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Some hi end preamps use hard copper wire and hard silver wire to obtain the best sound for each circuit position, hard to do a silver track PCB.
Point to point, no question. PCB's are done for cost, not for sonics. Think about this: Audiophiles spend scads of cash on so called "high end" interconnects, yet, the real limiting factor in performance for tube gear are the PCB's.
No piece of audio gear is perfectly accurate (but one can get pretty close). I'll stand by the assertion that point to point for tube audio is a better option overall as opposed to PCB's. I do agree that price does not automatically translate to better sound.
If individuals, over the years, cannot tell the difference via preamp in or out of the system, or through specialized listening testing procedures, well............. I have yet to have a hardwired component pass the same type of specialized listening tests for musical accuracy as the 11A did. My previous post's points are still totally valid. I find very very very few circuits that are properly designed in the first place, which includes parts quality, lay out, HW or PC. I like the fact that we both concur that price doesn't determine overall musical quality. Cheers and all the best.steve
Not quite sure I understand what you mean by specialized listening tests. Audiophiles tend not to be able to tell the difference between CD Redbook and Hi-Res versions of the same recordings. Not sure how one can validate based on subjective listening tests. Besides, one thing I have learned over the years is that the speakers are the key to detecting deltas with hardware playback setups.
You may have a point about circuit designs. Tube electronics tend to be more forgiving than SS designs. One person who's designs I personally like a lot is Thomas Mayer. I had a clone of his 6AH4 preamp made, and that piece was a "a-ha" moment for me with tube audio. The noise floor from that design is very good, and the holographic quality from the preamp is very nice.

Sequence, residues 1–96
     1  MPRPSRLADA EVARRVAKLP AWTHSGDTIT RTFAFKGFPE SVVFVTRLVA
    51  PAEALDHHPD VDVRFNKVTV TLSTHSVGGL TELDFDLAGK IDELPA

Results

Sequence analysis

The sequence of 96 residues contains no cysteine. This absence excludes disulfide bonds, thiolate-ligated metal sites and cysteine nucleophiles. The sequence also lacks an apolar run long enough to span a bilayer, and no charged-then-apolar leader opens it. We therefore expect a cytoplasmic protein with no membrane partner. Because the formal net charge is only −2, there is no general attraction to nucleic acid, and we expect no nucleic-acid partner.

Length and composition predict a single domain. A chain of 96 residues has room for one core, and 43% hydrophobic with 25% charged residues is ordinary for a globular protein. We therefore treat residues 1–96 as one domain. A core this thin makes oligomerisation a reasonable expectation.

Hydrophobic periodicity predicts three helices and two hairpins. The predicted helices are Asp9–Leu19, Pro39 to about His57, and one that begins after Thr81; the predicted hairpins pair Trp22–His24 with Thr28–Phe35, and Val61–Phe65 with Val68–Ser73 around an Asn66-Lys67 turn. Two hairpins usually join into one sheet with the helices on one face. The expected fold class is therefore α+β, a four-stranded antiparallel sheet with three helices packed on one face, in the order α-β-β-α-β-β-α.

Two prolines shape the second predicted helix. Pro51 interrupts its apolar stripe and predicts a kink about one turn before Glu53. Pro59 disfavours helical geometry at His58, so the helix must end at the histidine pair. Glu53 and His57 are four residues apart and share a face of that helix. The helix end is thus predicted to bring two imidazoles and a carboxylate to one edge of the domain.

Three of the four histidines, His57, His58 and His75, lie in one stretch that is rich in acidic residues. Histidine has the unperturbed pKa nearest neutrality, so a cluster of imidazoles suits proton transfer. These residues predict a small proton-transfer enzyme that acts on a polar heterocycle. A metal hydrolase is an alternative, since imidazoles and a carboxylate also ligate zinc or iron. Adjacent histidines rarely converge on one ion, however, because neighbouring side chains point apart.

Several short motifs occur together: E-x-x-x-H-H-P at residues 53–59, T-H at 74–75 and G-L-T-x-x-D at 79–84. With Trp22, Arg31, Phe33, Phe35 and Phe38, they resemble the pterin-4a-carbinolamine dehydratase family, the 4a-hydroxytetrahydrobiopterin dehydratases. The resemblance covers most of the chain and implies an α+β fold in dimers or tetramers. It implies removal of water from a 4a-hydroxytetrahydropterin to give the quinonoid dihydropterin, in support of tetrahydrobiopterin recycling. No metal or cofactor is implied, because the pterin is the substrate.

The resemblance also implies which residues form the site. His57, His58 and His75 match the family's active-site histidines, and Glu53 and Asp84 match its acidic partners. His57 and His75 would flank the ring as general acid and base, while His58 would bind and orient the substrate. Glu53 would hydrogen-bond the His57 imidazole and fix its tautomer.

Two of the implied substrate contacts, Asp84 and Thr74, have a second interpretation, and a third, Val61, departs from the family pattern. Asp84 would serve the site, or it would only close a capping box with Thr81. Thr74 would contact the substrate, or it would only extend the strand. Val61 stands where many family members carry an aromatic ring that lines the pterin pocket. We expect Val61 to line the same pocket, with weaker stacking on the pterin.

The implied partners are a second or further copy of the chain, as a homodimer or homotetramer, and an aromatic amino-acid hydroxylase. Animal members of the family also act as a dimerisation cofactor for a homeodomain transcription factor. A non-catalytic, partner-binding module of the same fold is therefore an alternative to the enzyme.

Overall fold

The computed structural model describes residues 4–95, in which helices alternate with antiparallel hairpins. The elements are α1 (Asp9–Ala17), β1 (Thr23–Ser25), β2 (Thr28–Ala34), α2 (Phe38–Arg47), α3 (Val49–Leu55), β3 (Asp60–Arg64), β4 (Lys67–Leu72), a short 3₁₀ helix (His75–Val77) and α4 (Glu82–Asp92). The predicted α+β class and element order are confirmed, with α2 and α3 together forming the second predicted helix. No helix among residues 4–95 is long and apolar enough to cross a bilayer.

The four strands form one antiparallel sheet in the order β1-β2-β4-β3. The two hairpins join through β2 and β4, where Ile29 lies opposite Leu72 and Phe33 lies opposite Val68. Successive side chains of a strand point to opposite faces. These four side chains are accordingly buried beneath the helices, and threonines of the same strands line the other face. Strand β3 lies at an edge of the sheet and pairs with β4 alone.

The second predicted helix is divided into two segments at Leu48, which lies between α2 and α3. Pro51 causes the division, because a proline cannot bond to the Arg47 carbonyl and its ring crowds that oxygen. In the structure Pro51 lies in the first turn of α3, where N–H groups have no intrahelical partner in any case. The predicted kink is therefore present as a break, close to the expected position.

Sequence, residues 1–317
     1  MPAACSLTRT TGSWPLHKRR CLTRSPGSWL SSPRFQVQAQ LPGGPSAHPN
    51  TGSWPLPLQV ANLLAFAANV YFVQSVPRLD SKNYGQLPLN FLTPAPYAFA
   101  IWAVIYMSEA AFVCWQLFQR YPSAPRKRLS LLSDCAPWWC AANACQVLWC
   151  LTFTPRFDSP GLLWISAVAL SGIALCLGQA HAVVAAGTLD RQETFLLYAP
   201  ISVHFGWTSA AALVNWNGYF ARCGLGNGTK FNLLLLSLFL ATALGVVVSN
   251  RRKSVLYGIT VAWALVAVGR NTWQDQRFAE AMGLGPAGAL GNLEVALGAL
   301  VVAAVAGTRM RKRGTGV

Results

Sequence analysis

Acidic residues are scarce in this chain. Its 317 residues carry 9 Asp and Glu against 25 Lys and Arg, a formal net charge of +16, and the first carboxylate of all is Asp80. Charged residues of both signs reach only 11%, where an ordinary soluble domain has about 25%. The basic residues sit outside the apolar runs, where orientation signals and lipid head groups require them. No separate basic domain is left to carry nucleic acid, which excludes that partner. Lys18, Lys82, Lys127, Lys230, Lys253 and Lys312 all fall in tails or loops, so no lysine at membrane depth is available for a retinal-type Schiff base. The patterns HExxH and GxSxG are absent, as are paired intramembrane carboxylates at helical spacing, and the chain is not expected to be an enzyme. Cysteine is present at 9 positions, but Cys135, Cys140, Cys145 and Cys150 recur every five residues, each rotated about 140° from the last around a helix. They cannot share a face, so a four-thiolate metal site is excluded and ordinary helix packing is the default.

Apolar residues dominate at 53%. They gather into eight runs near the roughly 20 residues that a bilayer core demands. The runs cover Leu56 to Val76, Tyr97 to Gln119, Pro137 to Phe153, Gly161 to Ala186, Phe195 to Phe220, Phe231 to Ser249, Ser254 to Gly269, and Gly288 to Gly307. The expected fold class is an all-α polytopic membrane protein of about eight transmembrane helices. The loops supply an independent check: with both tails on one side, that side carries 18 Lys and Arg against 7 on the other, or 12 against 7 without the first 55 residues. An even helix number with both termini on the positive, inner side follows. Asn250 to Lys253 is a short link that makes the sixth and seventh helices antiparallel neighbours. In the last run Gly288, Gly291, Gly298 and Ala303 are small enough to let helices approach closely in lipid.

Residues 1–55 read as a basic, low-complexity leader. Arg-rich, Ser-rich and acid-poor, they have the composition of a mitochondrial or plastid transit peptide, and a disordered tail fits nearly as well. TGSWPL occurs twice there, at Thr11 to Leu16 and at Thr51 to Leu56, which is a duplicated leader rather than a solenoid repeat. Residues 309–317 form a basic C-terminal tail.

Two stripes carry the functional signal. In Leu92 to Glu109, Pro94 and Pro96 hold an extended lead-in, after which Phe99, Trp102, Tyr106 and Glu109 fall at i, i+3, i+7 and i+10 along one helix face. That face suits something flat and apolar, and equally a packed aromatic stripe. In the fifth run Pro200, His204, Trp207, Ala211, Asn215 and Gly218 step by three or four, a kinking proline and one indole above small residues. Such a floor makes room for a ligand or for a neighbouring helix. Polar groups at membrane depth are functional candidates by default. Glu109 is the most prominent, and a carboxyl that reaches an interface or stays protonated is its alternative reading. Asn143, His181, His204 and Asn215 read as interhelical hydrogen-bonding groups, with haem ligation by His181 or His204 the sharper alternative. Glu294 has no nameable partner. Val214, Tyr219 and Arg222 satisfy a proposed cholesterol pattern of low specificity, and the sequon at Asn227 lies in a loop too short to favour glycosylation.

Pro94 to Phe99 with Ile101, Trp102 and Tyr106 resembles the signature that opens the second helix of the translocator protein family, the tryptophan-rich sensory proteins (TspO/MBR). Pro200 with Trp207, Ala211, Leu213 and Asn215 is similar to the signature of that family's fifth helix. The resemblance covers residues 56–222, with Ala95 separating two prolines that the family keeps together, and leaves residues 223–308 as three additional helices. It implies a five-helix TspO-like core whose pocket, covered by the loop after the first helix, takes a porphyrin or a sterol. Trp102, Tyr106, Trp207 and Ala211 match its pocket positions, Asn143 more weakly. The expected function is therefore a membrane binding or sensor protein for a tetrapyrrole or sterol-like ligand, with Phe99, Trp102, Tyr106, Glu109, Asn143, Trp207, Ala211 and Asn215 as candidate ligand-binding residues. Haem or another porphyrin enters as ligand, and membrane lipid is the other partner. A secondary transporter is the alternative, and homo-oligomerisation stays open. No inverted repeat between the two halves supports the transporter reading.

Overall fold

I think the larger point I was trying to make is that most commercial tube products use PCB's for reasons other than sound quality. For the DIY tube crowd, no reason to not use point to point. If I recall correctly, the HK Citation I/II used point to point wiring.
The listening tests I developed are proprietary, and the results are in absolute terms, not subjective as simply auditioning. As very very simple examples, is the preamplifier bright and the speakers full sounding to compensate? Maybe it is the amplifier that is bright? Are the speakers zinging on the highs, while using a 12AX7, which rolls off the highs? In reality, one has to address many multiple problems in designs such as focus, dynamics, soundstage width, soundstage depth, smearing, grunge etc. etc.One thing important is take your time. I took years, when listening testing, and lots of musical selections, not just three or four. I personally found that if one sets up for red book, high resolution can sound bright. Conversely, when one setups for high resolution, red book can sound lacking highs. But this is just a general impression as recording quality/mixing varies.I agree many/most tube designs tend to be more forgiving. Reviewers see this as well. The designs often follow a similar pattern, few filter stages with small electrolytic capacitors, chokes believe it or not (SET designs almost require chokes however), small value coupling capacitors and other problems. One will never get truly accurate sound from such designs. Tube components can be thin as well, and also right on the money rather than soft, forgiving.I can partially agree, especially with economical designs from large companies. Cheers and all the best.steve
I'll let others argue about the sonic differences between the two.I will say that tube sockets soldered into PCB boards can be a tube roller's nightmare. Tube sockets are often so tight the pulling out a tube can flex and damage the PCB and wreak havoc on the solder joints. PCBs also don't like the heat of tubes. If these issues are considered in designing the amp's layout than PCBs can be used without reliability issues.
Point to point, no question. PCB's are done for cost, not for sonics. Think about this: Audiophiles spend scads of cash on so called "high end" interconnects, yet, the real limiting factor in performance for tube gear are the PCB's.Here are pictures of my 6AH4 Clone preamp and 1625 power amps. No PCB's in the audio signal whatsoever.
Thank you for responding. Good points about filtering, etc. The DIY gear shown here did attempt to ensure that those issues were addressed. For example, the 6AH4 preamp clone has a lot of filtering, which is why it is so quiet.Could you post some more information on your preamp? Looks very interesting.
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